Junior Bazaar, January, 1947, with art direction from Alexei Brodovitch
Fred Ritchin writes frequently on how photography, and specifically concerned photojournalism, is and has changed on the web and in the era of digital. A recent post caught my eye:
When one looks at great magazine design there is almost nothing like it on the Web. The era of mass picture magazines started with magazines like Vu in France where the covers were as graphic and stunning as posters. Inside pages for Vu and other early magazines like Regards and Picture Post were used to experiment with all kinds of juxtapositions of images, text and other graphic elements. But what we end up with in terms of design at the beginning of the Web era is much like what we have in desktop publishing — clean sites that look professional but are almost never transcendent.
Clearly, a lot of this has to do with the technology – In print, it’s one thing to, for example, overlay text and image, and in code it’s an entirely different and much more complicated thing. Which is not to say the technology isn’t there, because it is, in Flash, which is an entirely different ballgame in terms of ease of use and loading times on a site. As it is, Flash sites tend to be overdesigned, not underdesigned, frequently suffering from the seductiveness of whizzing, moving images and text, not an unwillingness to experiment with the medium.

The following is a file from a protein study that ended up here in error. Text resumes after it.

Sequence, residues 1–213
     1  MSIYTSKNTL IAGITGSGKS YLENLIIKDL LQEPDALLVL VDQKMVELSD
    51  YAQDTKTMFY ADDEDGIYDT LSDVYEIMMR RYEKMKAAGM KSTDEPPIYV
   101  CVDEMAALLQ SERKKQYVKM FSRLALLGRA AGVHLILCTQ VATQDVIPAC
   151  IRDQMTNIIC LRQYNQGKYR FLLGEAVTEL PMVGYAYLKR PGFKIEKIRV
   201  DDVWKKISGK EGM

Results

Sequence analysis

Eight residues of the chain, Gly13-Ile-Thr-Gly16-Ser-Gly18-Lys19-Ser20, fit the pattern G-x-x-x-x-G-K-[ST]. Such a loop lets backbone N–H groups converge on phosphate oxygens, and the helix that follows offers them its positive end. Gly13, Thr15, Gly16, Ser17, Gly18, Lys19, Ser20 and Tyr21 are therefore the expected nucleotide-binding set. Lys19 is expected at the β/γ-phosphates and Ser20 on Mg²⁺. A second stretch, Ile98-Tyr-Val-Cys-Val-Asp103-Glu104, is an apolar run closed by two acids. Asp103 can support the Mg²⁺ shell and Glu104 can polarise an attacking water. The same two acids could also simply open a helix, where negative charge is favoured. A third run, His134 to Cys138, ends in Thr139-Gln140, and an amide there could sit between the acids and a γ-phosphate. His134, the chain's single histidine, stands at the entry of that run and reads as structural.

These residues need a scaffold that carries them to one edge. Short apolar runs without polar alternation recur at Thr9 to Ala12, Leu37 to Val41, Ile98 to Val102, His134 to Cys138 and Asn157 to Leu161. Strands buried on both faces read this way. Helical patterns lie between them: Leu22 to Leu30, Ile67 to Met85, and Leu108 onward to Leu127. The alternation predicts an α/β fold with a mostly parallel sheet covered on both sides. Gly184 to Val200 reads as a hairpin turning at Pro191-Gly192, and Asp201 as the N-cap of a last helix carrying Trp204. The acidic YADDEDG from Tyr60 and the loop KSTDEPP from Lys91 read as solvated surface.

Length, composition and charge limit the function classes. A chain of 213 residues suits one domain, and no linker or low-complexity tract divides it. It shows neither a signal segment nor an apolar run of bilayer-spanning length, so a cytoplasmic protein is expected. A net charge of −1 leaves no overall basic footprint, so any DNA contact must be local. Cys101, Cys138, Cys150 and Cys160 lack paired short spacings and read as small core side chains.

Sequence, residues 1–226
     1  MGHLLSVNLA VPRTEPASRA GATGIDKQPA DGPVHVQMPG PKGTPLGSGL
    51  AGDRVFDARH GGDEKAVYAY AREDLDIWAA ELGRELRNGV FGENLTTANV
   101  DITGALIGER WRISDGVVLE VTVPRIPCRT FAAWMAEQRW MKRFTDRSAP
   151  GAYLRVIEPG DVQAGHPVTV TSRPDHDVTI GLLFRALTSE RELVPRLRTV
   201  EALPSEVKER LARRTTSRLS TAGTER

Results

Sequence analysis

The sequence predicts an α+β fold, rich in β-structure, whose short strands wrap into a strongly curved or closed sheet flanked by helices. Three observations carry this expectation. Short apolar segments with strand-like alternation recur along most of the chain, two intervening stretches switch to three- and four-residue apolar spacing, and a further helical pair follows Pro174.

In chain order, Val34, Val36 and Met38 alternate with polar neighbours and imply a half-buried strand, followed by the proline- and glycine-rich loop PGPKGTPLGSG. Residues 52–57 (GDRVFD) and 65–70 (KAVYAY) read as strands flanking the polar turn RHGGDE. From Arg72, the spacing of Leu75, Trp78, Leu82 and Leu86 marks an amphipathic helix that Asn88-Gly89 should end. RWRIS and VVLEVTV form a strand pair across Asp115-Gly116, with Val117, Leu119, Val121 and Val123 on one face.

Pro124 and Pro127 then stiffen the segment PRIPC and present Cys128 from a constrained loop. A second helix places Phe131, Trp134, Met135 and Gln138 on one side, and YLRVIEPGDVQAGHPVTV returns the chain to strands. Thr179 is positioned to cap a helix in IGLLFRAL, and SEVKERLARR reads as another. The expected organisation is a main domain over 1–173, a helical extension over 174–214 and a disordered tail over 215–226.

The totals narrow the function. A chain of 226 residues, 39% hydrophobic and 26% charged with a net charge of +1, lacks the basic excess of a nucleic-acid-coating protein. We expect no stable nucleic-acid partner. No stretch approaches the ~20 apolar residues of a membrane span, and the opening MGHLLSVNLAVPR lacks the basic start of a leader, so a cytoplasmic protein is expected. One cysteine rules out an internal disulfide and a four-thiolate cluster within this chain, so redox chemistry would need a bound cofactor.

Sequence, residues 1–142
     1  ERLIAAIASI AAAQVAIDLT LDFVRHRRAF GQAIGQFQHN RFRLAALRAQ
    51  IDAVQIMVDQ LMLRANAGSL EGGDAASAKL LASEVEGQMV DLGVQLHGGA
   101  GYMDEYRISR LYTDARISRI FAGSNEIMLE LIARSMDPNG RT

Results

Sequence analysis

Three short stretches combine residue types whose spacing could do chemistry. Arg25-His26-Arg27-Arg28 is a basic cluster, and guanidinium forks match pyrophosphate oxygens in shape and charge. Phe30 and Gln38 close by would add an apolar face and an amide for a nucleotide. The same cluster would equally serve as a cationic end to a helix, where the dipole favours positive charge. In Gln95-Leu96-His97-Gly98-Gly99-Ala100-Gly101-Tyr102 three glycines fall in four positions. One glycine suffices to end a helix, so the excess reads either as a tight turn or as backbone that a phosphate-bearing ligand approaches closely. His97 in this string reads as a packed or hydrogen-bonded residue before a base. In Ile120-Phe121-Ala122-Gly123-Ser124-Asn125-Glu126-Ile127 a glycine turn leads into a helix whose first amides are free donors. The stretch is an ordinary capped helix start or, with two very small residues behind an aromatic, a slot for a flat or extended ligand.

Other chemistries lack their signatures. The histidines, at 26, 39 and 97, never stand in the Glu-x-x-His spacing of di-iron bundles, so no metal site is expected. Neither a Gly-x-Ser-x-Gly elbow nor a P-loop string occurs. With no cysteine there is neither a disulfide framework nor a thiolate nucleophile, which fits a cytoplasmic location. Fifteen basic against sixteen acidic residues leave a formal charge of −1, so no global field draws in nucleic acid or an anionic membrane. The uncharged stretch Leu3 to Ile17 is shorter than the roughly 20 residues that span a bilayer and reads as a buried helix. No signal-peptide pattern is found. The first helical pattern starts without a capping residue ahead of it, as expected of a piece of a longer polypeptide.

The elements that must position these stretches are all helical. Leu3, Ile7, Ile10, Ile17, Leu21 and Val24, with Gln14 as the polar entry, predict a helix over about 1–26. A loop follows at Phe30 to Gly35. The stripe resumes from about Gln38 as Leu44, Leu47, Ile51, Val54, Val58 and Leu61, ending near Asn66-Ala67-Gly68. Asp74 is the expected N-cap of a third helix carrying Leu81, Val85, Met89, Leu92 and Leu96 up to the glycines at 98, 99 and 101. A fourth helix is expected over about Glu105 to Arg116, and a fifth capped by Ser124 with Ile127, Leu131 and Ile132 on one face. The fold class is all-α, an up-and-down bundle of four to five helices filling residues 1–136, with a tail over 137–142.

Anyways, even within the limitations of technology, there are few people willing to push the limitations of text and image on the web. I can think of one, off the top of my head – i heart photograph, with it’s seemingly endless list of photos of the day and willingness to ignore the conventions of blog interface in order to give the reader an endless way to explore it’s particular corner of the photography world.
Words Without Pictures site is one (recently back online with the publication of their book) even though it’s dialogue between text and photos is defined by a self-conscious absence of the latter. A commenter on Ritchin’s original post points to three other super-flashy sites: http://www.sobluesoblue.nl; http://www.go-no-go.nl; and the really, really excellent accompaniment to the book of the same name, http://www.whymisterwhy.org.
Who knows of any others that bear a special mention?
P.S. I wasn’t able to track down an decent images of Vu, but you can find a couple here and here and some more with a google search.